What Sally Ride Could Have Done for Gay Liberation

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Sally Ride, top, could have helped the revolution. Now, coming out by celebrities such as Anderson Cooper means less to the world at large. Clockwise from left: Space Frontiers / Getty Images; Kris Connor / Getty Images; Lee Snider / Photo Images-Corbis

Surprise—the first U.S. woman astronaut was a lesbian. After a lifetime of celebrity, Sally Ride came out last week via her obituary, which listed her “partner,” Tam O’Shaughnessy, as the first survivor. A tardy arrival at the barricades, according to many. She was a trailblazer for women, but not for the gay revolution. As the Ride flap reveals, lesbians and gay men have the option of the closet. What’s wrong with that? Some acts are not morally required; in normal times, coming out, like acknowledging cancer, which Ride also kept private, seems like a personal decision. Ride, however, did not live in normal times. The 27 years she shared with her “partner” were critical to the triumphant gay revolution. As activists around her made the world better, her world got better, too. But instead of pulling her weight, she was free riding. Worse, as a celebrity and role model, she denied the movement a valuable asset. The feminist version of this is the “I’m not a feminist but” woman, who gets decent pay and birth control while still enabling others to denigrate the movement. Revolutions will always have opponents; they should not have to carry their own as free riders.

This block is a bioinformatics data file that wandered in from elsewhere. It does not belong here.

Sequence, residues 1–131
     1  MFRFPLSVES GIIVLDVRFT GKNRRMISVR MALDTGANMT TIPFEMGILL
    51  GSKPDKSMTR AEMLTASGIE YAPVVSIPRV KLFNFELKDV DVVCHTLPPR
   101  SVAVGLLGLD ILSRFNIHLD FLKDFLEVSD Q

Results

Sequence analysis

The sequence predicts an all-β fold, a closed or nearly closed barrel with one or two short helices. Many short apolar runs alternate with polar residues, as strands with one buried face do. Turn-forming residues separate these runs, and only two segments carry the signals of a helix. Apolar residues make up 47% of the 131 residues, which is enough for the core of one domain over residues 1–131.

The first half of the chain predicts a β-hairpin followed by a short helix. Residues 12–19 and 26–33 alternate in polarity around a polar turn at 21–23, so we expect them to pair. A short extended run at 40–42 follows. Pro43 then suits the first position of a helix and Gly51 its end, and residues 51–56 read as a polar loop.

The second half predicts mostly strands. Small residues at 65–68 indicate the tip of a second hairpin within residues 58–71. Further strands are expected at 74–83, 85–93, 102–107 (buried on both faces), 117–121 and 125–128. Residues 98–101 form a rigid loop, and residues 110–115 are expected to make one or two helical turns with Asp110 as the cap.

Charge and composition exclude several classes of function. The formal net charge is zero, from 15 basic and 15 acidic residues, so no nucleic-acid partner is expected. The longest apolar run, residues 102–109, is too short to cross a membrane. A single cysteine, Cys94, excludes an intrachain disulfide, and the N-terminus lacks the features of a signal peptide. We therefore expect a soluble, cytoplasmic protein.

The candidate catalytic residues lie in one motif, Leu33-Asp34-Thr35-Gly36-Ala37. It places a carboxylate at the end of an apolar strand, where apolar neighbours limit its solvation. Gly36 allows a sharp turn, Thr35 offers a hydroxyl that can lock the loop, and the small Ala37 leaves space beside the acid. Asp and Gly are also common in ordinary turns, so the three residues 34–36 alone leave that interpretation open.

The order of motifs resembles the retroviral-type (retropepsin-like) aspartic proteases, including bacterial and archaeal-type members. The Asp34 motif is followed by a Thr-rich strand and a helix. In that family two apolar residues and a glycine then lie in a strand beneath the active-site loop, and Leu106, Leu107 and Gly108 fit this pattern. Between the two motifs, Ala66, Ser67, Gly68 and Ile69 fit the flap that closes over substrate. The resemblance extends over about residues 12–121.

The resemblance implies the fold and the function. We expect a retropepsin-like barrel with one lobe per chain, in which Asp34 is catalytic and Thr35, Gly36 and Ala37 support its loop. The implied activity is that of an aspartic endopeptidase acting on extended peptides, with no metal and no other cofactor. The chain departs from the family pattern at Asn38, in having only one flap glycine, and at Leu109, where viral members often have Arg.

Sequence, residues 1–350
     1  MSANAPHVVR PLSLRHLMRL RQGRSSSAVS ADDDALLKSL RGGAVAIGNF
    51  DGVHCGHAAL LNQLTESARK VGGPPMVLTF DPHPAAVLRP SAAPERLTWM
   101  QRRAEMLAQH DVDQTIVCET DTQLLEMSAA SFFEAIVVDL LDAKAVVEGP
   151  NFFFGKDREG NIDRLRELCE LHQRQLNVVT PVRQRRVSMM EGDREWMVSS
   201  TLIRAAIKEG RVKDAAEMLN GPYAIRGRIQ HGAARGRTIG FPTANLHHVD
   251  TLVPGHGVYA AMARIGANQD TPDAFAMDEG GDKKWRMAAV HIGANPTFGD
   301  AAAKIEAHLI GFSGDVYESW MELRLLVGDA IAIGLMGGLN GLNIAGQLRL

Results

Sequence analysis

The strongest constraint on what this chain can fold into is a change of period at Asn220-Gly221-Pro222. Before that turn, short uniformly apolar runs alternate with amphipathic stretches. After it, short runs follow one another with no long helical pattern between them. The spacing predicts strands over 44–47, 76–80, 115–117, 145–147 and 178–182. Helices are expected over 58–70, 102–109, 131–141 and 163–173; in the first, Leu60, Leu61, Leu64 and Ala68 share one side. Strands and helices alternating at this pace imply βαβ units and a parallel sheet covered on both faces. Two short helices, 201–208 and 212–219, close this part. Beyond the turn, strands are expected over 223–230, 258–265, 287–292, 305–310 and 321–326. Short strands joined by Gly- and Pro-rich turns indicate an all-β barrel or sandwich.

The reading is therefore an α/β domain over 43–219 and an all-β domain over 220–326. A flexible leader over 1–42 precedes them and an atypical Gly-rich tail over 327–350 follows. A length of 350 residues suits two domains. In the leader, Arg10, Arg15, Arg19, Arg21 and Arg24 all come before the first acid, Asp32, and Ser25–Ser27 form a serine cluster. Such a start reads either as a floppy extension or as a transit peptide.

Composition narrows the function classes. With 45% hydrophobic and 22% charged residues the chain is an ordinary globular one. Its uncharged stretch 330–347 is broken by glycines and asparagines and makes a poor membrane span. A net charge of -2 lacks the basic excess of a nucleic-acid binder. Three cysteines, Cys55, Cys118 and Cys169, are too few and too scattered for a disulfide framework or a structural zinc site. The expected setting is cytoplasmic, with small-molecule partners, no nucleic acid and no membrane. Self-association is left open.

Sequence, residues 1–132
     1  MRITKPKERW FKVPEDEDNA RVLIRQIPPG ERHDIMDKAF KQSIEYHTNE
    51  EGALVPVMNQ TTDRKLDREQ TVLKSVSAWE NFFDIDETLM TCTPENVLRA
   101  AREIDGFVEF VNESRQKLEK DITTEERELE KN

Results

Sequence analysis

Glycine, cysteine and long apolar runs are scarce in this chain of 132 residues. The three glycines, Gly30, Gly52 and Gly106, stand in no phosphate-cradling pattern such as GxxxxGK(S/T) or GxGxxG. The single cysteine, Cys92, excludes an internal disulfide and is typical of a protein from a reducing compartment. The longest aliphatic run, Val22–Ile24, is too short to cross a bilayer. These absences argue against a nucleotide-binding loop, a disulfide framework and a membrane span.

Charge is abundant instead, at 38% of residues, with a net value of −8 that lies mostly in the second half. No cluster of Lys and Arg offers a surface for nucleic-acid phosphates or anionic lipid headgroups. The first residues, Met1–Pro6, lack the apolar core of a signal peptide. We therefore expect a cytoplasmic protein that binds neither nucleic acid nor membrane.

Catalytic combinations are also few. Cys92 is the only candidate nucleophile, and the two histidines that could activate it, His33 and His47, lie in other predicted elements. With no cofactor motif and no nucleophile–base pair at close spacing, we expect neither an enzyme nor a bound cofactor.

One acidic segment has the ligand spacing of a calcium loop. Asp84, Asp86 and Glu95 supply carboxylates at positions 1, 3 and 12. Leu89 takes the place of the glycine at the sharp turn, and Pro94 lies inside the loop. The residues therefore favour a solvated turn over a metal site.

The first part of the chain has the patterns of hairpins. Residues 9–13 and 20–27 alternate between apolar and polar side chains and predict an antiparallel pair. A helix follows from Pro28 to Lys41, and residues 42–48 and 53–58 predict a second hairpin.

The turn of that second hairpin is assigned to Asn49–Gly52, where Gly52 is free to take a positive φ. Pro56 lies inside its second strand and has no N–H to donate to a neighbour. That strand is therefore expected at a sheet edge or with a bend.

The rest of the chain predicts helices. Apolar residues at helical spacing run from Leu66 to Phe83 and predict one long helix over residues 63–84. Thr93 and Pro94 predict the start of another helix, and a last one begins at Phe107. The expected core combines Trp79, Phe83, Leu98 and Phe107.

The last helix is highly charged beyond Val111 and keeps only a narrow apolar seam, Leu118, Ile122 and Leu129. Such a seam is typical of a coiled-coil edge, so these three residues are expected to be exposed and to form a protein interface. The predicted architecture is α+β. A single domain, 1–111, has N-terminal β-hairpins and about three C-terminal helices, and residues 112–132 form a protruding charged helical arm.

In Ride’s time, and until very recently, coming out was almost always hard. When California activist Harry Hay came out and proposed to start the first successful gay political organization in America in 1948, he could not get a single person to sign on. Meanwhile, he lost his political home in the Communist Party and spent years estranged from his ex-wife and two daughters. The federal government outed astrophysicist Franklin Kameny when they fired him in 1957. Kameny, too, had dreamed of becoming an astronaut. He responded by restarting the gay revolution, but 50 years later, he was still living at the edge of poverty. My favorite story from the Sally Ride years is about somebody who’s not even famous. Jim Pepper, a successful Wall Street moneyman, was out to his close circle, but tactfully silent to the larger world. When AIDS struck, Pepper, uninfected himself, agreed to go on the board of New York’s Gay Men’s Health Crisis, and was required to get permission for board service from his investment-firm partners. So he came out to them. The heterosexual partners approved—but, one of them asked, plaintively, don’t you think you could get them to change the name? And so, by going beyond his proud and private social life, Pepper made his partners say it: gay.

Thanks to Hay, Kameny, and the rest, today is a lot better. A celebrity like Anderson Cooper—or Matt Bomer or Jim Parsons—can come out fully without it mattering terribly. Coming out now is a perfect example of what philosophers call “supererogatory,” something it would be good and generous to do, even if it’s not necessary. That’s why the criticism of Cooper was so muted. His long, veiled dance and casual announcement fit the current times. Maybe “free rider” is too harsh. But even if Sally Ride did not do something wrong, she missed a chance to do something right. In the epic story of the gay revolution, she was oh so private. She could have made the nation say “gay.”

Linda Hirshman is the author of Victory: The Triumphant Gay Revolution.

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